ELKTON — “This is going to be a day I remember,” said Kimberly Carew as she watched her class of four students during recess at Gilpin Elementary School Tuesday.
While the majority of Cecil County Public School students went back to class virtually last week, a select few are actually in the school buildings learning.
“We typically have 380 to 400 students,” said Don Foskey, principal at Gilpin Manor. “We were supposed to have 18 today.”
However Foskey said some did not show up and there was an effort underway to learn why, such as a missed bus or a misunderstanding somewhere. The students that were chosen for this first step in the process toward full schools would not have found success at home, Carew said.
“The big thing is not all students have the support at home,” Carew said. “There was a lot of discussion about who to have in the classroom.”
Students with learning challenges including learning disabilities or language gaps were in this first wave, Foskey said.
“Hopefully we’ll be able to have more here,” Carew added.
Cecil County has six high schools, six middle schools and 17 elementary schools. Over the summer there was a plan established that would get technology into the hands of every student for virtual learning and teachers were given training and support for conducting those online classes.
As students return to their actual schools they will find what precautions have been put in place thanks to the COVID-19 pandemic.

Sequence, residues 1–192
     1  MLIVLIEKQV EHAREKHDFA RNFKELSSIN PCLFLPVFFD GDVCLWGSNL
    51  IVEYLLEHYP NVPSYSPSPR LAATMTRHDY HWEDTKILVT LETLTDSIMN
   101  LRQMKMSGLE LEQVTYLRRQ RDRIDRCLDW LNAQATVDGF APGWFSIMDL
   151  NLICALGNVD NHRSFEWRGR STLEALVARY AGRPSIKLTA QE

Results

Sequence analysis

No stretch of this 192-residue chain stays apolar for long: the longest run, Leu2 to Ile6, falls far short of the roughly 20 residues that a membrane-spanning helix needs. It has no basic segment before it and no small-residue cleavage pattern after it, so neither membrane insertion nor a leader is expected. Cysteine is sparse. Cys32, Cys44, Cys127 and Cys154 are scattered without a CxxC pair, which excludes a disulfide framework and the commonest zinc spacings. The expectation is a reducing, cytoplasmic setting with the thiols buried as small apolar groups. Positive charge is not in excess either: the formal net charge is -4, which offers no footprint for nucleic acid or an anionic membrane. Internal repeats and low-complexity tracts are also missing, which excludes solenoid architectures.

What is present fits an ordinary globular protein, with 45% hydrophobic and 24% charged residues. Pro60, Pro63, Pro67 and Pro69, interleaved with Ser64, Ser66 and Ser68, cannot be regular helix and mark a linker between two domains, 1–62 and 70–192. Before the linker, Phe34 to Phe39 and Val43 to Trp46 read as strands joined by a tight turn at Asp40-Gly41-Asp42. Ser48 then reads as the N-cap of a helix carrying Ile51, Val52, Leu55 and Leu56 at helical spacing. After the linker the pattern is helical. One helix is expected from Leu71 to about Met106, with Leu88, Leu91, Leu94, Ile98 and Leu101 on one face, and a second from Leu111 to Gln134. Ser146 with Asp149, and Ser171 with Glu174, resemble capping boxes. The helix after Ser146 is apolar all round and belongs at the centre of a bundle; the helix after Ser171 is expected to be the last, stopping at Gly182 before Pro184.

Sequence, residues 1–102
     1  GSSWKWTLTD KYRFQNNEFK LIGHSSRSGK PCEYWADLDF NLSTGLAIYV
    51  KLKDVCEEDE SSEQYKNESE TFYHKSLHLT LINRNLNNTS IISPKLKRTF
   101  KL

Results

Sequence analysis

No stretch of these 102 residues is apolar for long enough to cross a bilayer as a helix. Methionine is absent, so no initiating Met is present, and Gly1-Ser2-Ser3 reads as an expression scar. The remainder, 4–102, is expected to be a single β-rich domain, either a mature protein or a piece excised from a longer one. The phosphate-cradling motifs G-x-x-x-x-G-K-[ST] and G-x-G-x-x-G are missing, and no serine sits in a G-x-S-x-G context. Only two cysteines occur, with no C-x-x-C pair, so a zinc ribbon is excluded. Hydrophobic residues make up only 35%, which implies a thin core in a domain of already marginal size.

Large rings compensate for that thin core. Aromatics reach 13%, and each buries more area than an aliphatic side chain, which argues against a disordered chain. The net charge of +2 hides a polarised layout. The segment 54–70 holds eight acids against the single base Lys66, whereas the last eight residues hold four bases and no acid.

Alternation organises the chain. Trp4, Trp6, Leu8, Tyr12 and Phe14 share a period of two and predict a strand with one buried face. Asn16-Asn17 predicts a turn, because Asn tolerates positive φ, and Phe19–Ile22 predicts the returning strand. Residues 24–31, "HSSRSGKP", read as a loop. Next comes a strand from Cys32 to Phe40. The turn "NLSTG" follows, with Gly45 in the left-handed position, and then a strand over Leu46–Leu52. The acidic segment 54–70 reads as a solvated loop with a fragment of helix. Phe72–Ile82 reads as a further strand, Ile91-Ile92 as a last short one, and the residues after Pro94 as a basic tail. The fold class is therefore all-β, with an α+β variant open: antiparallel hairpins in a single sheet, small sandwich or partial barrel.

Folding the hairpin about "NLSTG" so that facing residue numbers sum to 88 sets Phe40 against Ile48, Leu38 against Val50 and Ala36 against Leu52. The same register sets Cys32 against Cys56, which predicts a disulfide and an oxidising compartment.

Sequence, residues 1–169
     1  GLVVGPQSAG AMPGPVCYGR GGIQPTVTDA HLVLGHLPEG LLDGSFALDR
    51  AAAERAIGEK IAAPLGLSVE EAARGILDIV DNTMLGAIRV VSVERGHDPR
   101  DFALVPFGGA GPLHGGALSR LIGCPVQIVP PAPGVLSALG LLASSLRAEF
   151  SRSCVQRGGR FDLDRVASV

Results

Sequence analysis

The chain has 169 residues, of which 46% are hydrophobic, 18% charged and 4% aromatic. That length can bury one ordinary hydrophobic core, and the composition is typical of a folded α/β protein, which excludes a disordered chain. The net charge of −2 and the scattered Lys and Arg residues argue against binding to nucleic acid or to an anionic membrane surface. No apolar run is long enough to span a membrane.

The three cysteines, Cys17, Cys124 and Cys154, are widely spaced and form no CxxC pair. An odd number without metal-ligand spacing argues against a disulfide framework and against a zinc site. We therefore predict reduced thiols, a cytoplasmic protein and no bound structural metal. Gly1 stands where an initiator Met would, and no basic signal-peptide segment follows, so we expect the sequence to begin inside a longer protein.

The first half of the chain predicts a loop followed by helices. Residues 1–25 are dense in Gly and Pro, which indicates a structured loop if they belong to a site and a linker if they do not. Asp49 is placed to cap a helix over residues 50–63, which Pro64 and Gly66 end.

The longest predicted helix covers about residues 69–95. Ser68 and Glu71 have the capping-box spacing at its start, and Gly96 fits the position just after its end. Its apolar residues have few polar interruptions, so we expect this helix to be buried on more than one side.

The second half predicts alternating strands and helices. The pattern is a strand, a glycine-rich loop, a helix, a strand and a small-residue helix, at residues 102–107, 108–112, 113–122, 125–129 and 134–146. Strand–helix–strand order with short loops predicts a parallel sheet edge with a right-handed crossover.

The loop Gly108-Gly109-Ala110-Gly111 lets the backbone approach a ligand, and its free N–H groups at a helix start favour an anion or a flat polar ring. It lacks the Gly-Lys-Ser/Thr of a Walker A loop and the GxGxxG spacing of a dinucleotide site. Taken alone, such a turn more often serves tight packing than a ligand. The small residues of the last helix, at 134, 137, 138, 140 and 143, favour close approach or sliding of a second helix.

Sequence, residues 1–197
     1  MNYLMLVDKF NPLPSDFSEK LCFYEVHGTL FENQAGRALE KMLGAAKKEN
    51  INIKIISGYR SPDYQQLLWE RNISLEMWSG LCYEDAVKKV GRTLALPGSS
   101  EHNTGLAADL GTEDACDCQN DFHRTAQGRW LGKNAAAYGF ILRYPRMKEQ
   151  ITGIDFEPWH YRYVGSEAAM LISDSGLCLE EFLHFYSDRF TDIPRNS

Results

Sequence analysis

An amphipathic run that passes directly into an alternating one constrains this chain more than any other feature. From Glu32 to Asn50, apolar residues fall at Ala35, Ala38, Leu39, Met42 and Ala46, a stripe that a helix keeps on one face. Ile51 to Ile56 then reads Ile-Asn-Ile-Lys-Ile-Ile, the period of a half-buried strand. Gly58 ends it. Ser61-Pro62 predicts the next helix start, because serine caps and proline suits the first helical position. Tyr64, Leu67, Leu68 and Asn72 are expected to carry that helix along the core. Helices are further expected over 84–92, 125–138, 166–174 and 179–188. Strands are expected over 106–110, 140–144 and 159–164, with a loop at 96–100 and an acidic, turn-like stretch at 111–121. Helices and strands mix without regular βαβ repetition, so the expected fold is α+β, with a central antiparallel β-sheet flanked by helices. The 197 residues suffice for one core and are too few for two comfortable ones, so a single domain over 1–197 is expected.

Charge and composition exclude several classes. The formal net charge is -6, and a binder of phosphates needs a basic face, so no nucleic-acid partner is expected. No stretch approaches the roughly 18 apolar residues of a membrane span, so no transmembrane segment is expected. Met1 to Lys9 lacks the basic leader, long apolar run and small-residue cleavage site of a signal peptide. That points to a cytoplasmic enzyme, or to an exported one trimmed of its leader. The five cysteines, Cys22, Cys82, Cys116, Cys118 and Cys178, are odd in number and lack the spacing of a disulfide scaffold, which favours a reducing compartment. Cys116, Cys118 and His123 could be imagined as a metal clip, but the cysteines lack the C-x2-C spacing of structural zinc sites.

In the classrooms there are dividers and markers to encourage social distancing and lessons came from Chromebooks at each desk. Of Carew’s four students, three were in one class of third graders and a fourth was in a separate class.
Even recess looked odd as students carried pre-packaged sports equipment onto the playgrounds.
Zah-Mere Bey tossed a football with Tyler Durant, a paraprofessional at Thomson Estates Elementary School. Nearby Eli Clarke tossed a ball with a friend while Jackie Bahr and Flori Garcia-Rosales worked on jump rope skills. Katherine Derby, principal, said the activity bags were a safe alternative to the playground equipment, which would not have allowed for social distancing.
Derby said it was a great feeling to have students back, even if it was smaller numbers. Carew agreed.
“There were lots of smiles this morning,” Carew said, although those smiles were behind masks. She was frustrated that she could not properly welcome her new charges with a hug.